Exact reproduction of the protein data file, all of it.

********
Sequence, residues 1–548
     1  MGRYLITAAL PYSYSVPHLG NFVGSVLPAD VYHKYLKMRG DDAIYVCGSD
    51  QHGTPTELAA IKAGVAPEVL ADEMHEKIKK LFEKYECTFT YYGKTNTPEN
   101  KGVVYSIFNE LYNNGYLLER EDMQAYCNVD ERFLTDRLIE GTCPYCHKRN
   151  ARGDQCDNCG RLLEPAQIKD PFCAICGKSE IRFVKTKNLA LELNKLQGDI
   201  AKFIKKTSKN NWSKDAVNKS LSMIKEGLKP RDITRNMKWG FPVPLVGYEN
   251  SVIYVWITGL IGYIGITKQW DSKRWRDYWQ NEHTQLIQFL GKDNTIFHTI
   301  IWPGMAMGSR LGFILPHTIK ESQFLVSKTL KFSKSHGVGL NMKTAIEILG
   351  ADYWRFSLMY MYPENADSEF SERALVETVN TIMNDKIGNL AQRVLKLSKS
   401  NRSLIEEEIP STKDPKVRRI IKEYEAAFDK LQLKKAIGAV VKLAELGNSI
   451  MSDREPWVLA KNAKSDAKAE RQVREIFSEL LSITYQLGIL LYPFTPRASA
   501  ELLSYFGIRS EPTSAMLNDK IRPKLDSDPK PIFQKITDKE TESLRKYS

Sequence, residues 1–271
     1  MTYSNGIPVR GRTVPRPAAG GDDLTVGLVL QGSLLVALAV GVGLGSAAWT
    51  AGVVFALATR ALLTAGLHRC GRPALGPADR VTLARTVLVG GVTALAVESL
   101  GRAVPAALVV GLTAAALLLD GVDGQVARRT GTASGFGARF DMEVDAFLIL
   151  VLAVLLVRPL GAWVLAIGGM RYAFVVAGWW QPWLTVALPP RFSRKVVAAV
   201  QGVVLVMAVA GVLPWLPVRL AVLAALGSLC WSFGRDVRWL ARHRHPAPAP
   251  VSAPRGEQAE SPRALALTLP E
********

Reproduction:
Sequence, residues 1–548
     1  MGRYLITAAL PYSYSVPHLG NFVGSVLPAD VYHKYLKMRG DDAIYVCGSD
    51  QHGTPTELAA IKAGVAPEVL ADEMHEKIKK LFEKYECTFT YYGKTNTPEN
   101  KGVVYSIFNE LYNNGYLLER EDMQAYCNVD ERFLTDRLIE GTCPYCHKRN
   151  ARGDQCDNCG RLLEPAQIKD PFCAICGKSE IRFVKTKNLA LELNKLQGDI
   201  AKFIKKTSKN NWSKDAVNKS LSMIKEGLKP RDITRNMKWG FPVPLVGYEN
   251  SVIYVWITGL IGYIGITKQW DSKRWRDYWQ NEHTQLIQFL GKDNTIFHTI
   301  IWPGMAMGSR LGFILPHTIK ESQFLVSKTL KFSKSHGVGL NMKTAIEILG
   351  ADYWRFSLMY MYPENADSEF SERALVETVN TIMNDKIGNL AQRVLKLSKS
   401  NRSLIEEEIP STKDPKVRRI IKEYEAAFDK LQLKKAIGAV VKLAELGNSI
   451  MSDREPWVLA KNAKSDAKAE RQVREIFSEL LSITYQLGIL LYPFTPRASA
   501  ELLSYFGIRS EPTSAMLNDK IRPKLDSDPK PIFQKITDKE TESLRKYS

Sequence, residues 1–271
     1  MTYSNGIPVR GRTVPRPAAG GDDLTVGLVL QGSLLVALAV GVGLGSAAWT
    51  AGVVFALATR ALLTAGLHRC GRPALGPADR VTLARTVLVG GVTALAVESL
   101  GRAVPAALVV GLTAAALLLD GVDGQVARRT GTASGFGARF DMEVDAFLIL
   151  VLAVLLVRPL GAWVLAIGGM RYAFVVAGWW QPWLTVALPP RFSRKVVAAV
   201  QGVVLVMAVA GVLPWLPVRL AVLAALGSLC WSFGRDVRWL ARHRHPAPAP
   251  VSAPRGEQAE SPRALALTLP E